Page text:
Doug Landoll is the CEO of Assero Security, a firm specializing in SMB Security. You can follow him on Twitter as @douglandoll Doug Landoll is an expert in information security for the SMB market with over 20 years experience securing businesses and government agencies. He has written several information security books and dozens of articles for national publications. He has founded and ran four ... View Full Bio

Comment  | 
Print  | 
More Insights
Comments
Newest First  |  Oldest First  |  Threaded View
DilM269
50%
50%
DilM269,
User Rank: Apprentice
7/30/2013 | 5:52:49 AM
re: SMB Insider Threat: Setting Behavior Boundaries
i totally agree with you sir.

http://resultplanet.org
Register for Dark Reading Newsletters
Partner Perspectives
What's This?
In a digital world inundated with advanced security threats, Intel Security seeks to transform how we live and work to keep our information secure. Through hardware and software development, Intel Security delivers robust solutions that integrate security into every layer of every digital device. In combining the security expertise of McAfee with the innovation, performance, and trust of Intel, this vision becomes a reality.

As we rely on technology to enhance our everyday and business life, we must too consider the security of the intellectual property and confidential data that is housed on these devices. As we increase the number of devices we use, we increase the number of gateways and opportunity for security threats. Intel Security takes the “security connected” approach to ensure that every device is secure, and that all security solutions are seamlessly integrated.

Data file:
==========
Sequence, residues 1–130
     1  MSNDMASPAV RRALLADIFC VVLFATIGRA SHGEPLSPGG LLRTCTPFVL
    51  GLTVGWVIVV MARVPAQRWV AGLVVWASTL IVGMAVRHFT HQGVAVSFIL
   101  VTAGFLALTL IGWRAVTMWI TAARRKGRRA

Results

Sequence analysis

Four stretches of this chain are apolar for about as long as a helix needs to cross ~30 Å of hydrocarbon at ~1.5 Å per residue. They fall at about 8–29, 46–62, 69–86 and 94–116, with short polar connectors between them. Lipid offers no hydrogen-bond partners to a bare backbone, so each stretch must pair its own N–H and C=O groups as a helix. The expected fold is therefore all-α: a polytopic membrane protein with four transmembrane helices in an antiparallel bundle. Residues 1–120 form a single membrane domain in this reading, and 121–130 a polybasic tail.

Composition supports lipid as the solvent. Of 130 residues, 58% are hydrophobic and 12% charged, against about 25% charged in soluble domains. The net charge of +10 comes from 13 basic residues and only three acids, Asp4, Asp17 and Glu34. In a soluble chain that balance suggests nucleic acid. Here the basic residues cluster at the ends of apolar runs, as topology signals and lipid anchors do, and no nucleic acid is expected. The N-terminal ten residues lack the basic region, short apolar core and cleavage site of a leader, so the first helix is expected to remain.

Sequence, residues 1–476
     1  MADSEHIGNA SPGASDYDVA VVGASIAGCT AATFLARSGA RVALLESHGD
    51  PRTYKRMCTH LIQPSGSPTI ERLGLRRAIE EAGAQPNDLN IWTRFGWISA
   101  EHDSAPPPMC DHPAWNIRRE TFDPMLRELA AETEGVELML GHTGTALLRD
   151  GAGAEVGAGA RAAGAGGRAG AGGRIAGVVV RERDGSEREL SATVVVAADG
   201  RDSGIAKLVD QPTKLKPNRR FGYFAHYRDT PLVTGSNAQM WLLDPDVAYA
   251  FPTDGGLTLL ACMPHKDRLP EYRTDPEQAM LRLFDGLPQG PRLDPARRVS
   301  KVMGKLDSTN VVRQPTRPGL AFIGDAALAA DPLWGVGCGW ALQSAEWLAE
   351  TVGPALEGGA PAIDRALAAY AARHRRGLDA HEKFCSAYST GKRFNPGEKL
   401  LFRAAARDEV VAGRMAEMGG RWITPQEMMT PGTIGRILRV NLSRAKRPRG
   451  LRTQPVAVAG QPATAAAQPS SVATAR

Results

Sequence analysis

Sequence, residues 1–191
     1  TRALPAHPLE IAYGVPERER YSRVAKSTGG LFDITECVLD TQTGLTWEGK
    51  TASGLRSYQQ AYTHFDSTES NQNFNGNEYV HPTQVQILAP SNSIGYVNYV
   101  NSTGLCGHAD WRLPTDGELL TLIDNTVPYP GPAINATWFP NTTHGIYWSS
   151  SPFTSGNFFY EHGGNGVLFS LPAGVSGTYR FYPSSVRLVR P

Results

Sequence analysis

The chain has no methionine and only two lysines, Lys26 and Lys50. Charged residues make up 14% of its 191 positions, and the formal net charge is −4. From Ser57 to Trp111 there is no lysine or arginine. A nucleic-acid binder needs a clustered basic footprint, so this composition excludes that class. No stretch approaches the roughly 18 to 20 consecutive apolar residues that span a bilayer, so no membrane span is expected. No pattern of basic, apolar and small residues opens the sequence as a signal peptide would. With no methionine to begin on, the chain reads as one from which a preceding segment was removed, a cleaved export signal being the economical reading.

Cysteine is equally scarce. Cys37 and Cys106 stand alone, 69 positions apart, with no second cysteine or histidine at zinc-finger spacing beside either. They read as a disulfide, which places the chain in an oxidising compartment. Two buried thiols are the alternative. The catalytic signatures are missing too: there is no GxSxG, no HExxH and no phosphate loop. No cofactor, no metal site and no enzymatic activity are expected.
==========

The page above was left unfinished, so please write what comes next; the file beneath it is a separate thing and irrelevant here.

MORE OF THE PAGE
Featured Writers
White Papers
Cartoon
Current Issue
Dark Reading's October Tech Digest
Fast data analysis can stymie attacks and strengthen enterprise security. Does your team have the data smarts?
Flash Poll
Video
Slideshows
Twitter Feed
Dark Reading - Bug Report
Bug Report
Enterprise Vulnerabilities
From DHS/US-CERT's National Vulnerability Database
CVE-2014-7052
Published: 2014-10-19
The sahab-alkher.com (aka com.tapatalk.sahabalkhercomvb) application 2.4.9.7 for Android does not verify X.509 certificates from SSL servers, which allows man-in-the-middle attackers to spoof servers and obtain sensitive information via a crafted certificate.

CVE-2014-7056
Published: 2014-10-19
The Yeast Infection (aka com.wyeastinfectionapp) application 0.1 for Android does not verify X.509 certificates from SSL servers, which allows man-in-the-middle attackers to spoof servers and obtain sensitive information via a crafted certificate.

CVE-2014-7070
Published: 2014-10-19
The Air War Hero (aka com.dev.airwar) application 3.0 for Android does not verify X.509 certificates from SSL servers, which allows man-in-the-middle attackers to spoof servers and obtain sensitive information via a crafted certificate.

CVE-2014-7075
Published: 2014-10-19
The HAPPY (aka com.tw.knowhowdesign.sinfonghuei) application 2.0 for Android does not verify X.509 certificates from SSL servers, which allows man-in-the-middle attackers to spoof servers and obtain sensitive information via a crafted certificate.

CVE-2014-7079
Published: 2014-10-19
The Romeo and Juliet (aka jp.co.cybird.appli.android.rjs) application 1.0.6 for Android does not verify X.509 certificates from SSL servers, which allows man-in-the-middle attackers to spoof servers and obtain sensitive information via a crafted certificate.

Best of the Web
Dark Reading Radio
Archived Dark Reading Radio
Follow Dark Reading editors into the field as they talk with noted experts from the security world.